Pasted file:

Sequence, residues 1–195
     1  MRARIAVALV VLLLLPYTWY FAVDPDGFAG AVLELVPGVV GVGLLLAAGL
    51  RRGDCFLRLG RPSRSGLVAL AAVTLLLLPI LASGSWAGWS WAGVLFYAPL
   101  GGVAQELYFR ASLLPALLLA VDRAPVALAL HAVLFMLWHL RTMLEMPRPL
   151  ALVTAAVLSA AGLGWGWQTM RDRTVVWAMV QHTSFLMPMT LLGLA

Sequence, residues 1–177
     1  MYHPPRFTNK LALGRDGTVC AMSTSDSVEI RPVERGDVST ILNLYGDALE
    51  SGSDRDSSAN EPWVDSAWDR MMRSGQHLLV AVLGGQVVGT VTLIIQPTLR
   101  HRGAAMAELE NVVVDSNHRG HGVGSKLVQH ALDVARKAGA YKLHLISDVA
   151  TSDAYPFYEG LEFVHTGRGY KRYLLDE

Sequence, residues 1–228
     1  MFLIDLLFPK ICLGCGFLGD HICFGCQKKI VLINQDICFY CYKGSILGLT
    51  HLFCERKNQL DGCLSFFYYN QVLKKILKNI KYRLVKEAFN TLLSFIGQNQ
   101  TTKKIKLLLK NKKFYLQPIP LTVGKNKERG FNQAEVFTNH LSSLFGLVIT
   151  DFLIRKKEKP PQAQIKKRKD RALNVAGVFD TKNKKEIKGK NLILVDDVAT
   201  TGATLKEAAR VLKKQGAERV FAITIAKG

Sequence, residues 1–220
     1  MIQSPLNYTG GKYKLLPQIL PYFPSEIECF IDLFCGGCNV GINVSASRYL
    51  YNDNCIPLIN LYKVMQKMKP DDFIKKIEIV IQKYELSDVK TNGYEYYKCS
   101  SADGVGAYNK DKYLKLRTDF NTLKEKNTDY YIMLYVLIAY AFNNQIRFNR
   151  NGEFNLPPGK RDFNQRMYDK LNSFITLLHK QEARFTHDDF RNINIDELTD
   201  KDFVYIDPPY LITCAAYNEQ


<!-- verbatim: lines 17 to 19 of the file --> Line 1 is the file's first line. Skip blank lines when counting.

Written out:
Sequence, residues 1–220
     1  MIQSPLNYTG GKYKLLPQIL PYFPSEIECF IDLFCGGCNV GINVSASRYL
    51  YNDNCIPLIN LYKVMQKMKP DDFIKKIEIV IQKYELSDVK TNGYEYYKCS